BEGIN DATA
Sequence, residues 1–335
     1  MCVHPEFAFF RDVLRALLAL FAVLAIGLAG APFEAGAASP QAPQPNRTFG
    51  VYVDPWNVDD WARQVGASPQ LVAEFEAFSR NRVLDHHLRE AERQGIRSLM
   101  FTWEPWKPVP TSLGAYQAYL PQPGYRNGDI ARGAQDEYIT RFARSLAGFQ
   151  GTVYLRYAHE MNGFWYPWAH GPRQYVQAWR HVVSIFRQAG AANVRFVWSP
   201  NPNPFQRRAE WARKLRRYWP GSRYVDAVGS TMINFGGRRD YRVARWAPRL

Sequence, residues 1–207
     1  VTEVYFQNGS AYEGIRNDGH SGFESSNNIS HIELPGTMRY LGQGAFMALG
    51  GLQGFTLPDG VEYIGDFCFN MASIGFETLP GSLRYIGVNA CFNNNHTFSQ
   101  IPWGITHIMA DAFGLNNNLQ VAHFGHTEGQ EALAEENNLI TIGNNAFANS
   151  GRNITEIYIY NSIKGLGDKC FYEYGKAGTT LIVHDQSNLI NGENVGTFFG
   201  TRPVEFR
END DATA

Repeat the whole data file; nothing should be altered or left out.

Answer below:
Sequence, residues 1–335
     1  MCVHPEFAFF RDVLRALLAL FAVLAIGLAG APFEAGAASP QAPQPNRTFG
    51  VYVDPWNVDD WARQVGASPQ LVAEFEAFSR NRVLDHHLRE AERQGIRSLM
   101  FTWEPWKPVP TSLGAYQAYL PQPGYRNGDI ARGAQDEYIT RFARSLAGFQ
   151  GTVYLRYAHE MNGFWYPWAH GPRQYVQAWR HVVSIFRQAG AANVRFVWSP
   201  NPNPFQRRAE WARKLRRYWP GSRYVDAVGS TMINFGGRRD YRVARWAPRL

Sequence, residues 1–207
     1  VTEVYFQNGS AYEGIRNDGH SGFESSNNIS HIELPGTMRY LGQGAFMALG
    51  GLQGFTLPDG VEYIGDFCFN MASIGFETLP GSLRYIGVNA CFNNNHTFSQ
   101  IPWGITHIMA DAFGLNNNLQ VAHFGHTEGQ EALAEENNLI TIGNNAFANS
   151  GRNITEIYIY NSIKGLGDKC FYEYGKAGTT LIVHDQSNLI NGENVGTFFG
   201  TRPVEFR